Passive Exposure to E-cigarette Emissions: Minor Respiratory Effects
More details
Hide details
George D. Behrakis Research Lab Hellenic Cancer Society, Athens, Greece
Institute of Public Health, The American College of Greece, Athens, Greece
Biomedical Research Foundation, Academy of Athens, Athens, Greece

Athens Medical Centre, Athens, Greece
Tobacco Control Unit, Department of Cancer Epidemiology and Prevention, Catalan Institute of Oncology (ICO), L’Hospitalet de Llobregat, Barcelona, Spain
Tobacco Control Unit, Bellvitge Biomedical Research Institute (IDIBELL), L’Hospitalet de Llobregat, Barcelona, Spain
Publish date: 2018-06-13
Tob. Prev. Cessation 2018;4(Supplement):A78
The current study aimed to examine the effect of passive exposure to e-cigarette emissions on respiratory mechanics and exhaled inflammatory biomarkers. The study was part of the European project, “Tackling second hand tobacco smoke and e-cigarette emissions: exposure assessment, novel interventions, impact on lung diseases and economic burden in diverse European populations” (TackSHS Project, Work Package 6, ID: NCT03102684).

40 non-smokers, 18-35 years old, BMI<30, healthy with normal physical examination and Spirometry, were exposed to e-cigarette emissions produced by a human smoker according to a standardized protocol based on two resistance settings, 0.5 and 1.5 Ohm, for e-cigarette use. Non-smokers underwent a 30-minute Control (no emissions) and two Experimental (exposure 0.5 and 1.5) sessions, in a 35m3 room. Impulse Oscillometry (IOS) parameters Impedance, Resistance, Reactance, Resonant Frequency (fres), Frequency Dependence of Resistance (fdr=R5-R20) and Reactance Area (AX) as well as Fractional Exhaled Nitric Oxide (FeNO) were measured pre and post sessions. T-tests and Wilcoxon signed rank tests were used to compare differences between pre and post measurements and Analysis of Variance (ANOVA) for multiple comparisons between sessions.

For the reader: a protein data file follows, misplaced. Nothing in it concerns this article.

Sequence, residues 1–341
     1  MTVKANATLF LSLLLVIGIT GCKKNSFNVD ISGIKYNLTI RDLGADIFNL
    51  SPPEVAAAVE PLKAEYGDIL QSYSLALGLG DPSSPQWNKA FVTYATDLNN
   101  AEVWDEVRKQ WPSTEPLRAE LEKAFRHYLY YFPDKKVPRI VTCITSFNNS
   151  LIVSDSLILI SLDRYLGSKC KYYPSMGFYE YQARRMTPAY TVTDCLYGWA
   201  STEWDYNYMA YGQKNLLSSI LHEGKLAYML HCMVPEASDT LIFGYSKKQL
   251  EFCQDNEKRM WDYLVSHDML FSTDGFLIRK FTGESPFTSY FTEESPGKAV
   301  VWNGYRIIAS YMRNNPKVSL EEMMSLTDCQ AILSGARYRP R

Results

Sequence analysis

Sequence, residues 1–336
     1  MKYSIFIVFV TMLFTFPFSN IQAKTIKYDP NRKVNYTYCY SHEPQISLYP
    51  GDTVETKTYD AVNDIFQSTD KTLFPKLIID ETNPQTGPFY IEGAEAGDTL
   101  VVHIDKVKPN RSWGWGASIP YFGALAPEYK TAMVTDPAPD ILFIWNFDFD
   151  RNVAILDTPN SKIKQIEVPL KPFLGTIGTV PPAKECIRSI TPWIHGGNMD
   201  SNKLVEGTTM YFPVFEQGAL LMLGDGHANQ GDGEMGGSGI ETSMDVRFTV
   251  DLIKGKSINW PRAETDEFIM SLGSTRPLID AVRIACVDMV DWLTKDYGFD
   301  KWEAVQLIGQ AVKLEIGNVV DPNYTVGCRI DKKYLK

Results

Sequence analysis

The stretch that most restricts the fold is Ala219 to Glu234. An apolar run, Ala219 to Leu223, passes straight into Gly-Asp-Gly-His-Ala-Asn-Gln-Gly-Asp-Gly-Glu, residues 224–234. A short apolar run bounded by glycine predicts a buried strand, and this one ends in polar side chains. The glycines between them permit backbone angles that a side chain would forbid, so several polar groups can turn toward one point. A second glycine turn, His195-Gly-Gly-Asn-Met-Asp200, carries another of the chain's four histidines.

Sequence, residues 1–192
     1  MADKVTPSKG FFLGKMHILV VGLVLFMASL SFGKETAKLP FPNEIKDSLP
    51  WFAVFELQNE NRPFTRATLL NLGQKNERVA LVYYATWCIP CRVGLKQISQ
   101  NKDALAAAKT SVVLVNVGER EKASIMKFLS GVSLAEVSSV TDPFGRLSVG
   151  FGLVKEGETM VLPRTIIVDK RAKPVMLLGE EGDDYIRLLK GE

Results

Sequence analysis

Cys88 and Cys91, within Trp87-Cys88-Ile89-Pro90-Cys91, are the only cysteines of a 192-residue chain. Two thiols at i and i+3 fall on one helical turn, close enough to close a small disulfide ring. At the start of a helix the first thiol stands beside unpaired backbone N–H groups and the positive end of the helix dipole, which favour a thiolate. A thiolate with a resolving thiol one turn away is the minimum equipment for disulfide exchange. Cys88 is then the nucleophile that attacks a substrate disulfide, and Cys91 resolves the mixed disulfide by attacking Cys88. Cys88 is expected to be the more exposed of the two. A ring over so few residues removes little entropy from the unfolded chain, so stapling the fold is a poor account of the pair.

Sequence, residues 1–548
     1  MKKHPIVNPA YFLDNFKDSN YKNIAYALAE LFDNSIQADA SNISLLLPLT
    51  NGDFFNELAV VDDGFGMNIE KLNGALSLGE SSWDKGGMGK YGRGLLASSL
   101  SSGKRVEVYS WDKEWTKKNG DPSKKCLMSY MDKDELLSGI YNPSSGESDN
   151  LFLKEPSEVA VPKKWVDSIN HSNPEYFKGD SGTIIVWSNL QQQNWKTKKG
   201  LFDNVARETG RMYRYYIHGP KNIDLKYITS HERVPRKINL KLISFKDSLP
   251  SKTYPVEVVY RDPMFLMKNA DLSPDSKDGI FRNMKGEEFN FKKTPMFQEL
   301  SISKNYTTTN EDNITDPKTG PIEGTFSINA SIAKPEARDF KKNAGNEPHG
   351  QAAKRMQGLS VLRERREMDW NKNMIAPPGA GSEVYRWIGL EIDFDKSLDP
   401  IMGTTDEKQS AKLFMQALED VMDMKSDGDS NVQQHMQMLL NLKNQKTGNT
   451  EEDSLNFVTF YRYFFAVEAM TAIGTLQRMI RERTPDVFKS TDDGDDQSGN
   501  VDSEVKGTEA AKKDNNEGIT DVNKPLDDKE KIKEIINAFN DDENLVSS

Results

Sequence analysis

IOS and FeNO parameters showed no significant changes during the Control session. For IOS during the exposure 1.5 session, fres increased significantly post exposure from 11.38 Hz to 12.16 Hz (p<0.05). FeNO decreased significantly from 24.16 ppb to 22.35 ppb immediately post exposure in the exposure 0.5 session (p=0.006).

A 30-minute passive exposure to e-cigarette emissions revealed immediate alterations on respiratory mechanics and exhaled biomarkers expressed as increased fres and reduced FeNO.

This project has received funding from the European Union’s Horizon 2020 research and innovation programme under grant agreement No 681040.